The Earl of Lytton’s “polluter pays” amendment to the Levelling Up and Regeneration Bill will be debated on Monday

The House of Lords on Monday will debate a possible amendment to the Levelling Up and Regeneration Bill that would see developers pay in full for building defects if they are found to have breached building regulations.

On Monday the second chamber will discuss the Earl of Lytton’s ‘Polluter Pays’ amendment, designed to protect leaseholders paying for any building defects, including non-cladding safety issues.

This would be stronger than the legislation introduced through the Building Safety Bill last April, which gave the government powers to stop developers building if they did not commit to remediating safety defects in tower blocks over 11m where they have had involvment in the past 30 years.

The act also allowed the government to set its proposed £3bn levy to cover works on ‘orphaned blocks’ – those where the owner can’t be traced.

The amendment to be discussed on Monday, based on drafting by Daniel Greenberg, former parliamentary counsel and currently Parliamentary Commissioner for Standards, would see a builder or developer pay in full if found by the government to have breached building regulations at the time of construction. Or it would be funded via a wide construction industry levy if the builder could not pay.

The amendment is thought unlikely to have the backing of the government so is therefore not expected to become law.

The Earl of Lytton and supporters say that leaseholders are still having to pay for building safety remediation costs in some cases, including cladding and non-cladding costs on buildings under 11m in height (see graphic below).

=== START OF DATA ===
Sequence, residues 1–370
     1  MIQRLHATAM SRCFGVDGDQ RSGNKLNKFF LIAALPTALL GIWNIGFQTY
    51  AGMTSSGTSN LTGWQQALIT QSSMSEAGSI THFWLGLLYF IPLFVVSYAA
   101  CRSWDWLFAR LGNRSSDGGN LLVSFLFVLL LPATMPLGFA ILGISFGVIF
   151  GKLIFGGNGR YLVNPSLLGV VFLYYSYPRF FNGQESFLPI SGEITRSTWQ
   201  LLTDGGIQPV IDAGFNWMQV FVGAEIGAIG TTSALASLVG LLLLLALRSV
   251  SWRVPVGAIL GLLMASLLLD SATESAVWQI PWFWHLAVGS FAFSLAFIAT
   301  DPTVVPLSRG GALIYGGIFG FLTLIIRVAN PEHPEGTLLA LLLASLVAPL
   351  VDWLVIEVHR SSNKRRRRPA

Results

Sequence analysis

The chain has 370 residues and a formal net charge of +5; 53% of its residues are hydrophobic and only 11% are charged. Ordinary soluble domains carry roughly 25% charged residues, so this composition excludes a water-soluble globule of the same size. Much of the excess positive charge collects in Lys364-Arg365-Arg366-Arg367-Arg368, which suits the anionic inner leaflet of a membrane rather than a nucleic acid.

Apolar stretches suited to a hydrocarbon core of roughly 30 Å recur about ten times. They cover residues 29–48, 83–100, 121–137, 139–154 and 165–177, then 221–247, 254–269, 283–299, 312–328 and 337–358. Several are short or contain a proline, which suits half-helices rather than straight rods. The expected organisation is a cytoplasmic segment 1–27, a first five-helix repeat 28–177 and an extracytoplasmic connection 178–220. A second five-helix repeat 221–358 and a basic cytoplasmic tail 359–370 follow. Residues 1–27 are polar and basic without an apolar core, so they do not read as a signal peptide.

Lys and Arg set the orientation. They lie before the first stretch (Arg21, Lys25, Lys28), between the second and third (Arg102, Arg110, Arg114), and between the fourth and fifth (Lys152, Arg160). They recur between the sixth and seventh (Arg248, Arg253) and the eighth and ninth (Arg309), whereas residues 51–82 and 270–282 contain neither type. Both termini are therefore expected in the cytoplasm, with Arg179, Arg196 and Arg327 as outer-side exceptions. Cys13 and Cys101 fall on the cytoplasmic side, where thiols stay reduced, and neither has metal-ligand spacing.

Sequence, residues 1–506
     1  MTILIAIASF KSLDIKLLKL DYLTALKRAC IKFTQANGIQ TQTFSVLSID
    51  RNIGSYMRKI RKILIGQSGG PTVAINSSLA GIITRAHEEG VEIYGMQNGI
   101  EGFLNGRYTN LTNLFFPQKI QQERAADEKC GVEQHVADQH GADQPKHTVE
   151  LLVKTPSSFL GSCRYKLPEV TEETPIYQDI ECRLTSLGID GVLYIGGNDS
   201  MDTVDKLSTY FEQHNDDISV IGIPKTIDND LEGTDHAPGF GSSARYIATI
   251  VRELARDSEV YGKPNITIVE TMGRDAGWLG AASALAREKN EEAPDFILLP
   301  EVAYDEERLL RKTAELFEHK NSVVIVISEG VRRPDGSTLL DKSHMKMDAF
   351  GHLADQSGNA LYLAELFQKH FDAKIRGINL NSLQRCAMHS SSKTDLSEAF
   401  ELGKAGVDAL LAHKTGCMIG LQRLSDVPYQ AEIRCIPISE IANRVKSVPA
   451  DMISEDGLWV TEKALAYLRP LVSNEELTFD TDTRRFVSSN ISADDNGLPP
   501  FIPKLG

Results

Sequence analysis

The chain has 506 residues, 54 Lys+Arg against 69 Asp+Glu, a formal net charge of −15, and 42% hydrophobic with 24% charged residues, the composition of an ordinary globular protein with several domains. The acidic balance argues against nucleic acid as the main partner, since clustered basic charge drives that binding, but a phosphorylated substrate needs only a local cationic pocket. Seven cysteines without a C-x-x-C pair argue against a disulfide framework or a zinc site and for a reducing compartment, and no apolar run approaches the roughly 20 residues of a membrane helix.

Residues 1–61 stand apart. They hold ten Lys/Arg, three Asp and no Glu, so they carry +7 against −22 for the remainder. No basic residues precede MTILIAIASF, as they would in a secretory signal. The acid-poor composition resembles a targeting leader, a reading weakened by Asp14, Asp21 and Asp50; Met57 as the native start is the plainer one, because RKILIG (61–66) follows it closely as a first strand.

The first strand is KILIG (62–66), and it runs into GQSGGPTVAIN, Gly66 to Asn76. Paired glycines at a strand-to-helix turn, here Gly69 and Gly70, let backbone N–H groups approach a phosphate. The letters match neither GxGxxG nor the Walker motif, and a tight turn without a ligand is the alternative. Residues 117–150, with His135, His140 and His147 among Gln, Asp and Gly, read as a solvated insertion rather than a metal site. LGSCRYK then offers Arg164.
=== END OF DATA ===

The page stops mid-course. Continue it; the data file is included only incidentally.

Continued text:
building safety polluter pays

The Earl of Lytton will say in his address: “The simple truth is the government does not have the money to solve the problem and is at present unprepared to place the responsibility on the wealthy construction industry that has created this over decades of marking its own homework. The proposals I am advancing would resolve this.”

Alison Hills, a senior solicitor and advocate at firm Slater & Gordon, said on Twitter of the amendment: “We all know that there are many excluded leaseholders [from the cladding contract]. Those in buildings under 11m, those who own more than three properties, those who are enfranchised.” The amendment is also expected protect buy-to-let landlords with three or more properties.

Hills added the amendment was the “only solution on the table to protect everyone, no matter where you live, how many properties you own, the height of your building or if you’re enfranchised and I believe it works.”

Former State Premier of Australia Ted Baillieu, who was co-chair of an official ‘cladding task force’ in Australia between 2017 and 2019, said: “This amendment’s going to cover off everything – not just cladding but all defects and all other costs and establish a principle that if you don’t build according to the regulations, it doesn’t matter how long ago you did it, you’ll have to pay to fix it.”

A potential banking crisis could be averted through the amendment, which could come about by unprotected leaseholders and buy-to-let landlodrds struggling to pay huge remediation costs, the advocates of the amendment believed. They also thought it could prevent builders from “corner-cutting”.

The government changes to building safety have been brought about by the tragic Grenfell Tower fire in 2017, in which 72 people died. Cladding was found to be a huge contributor to the fire spreading.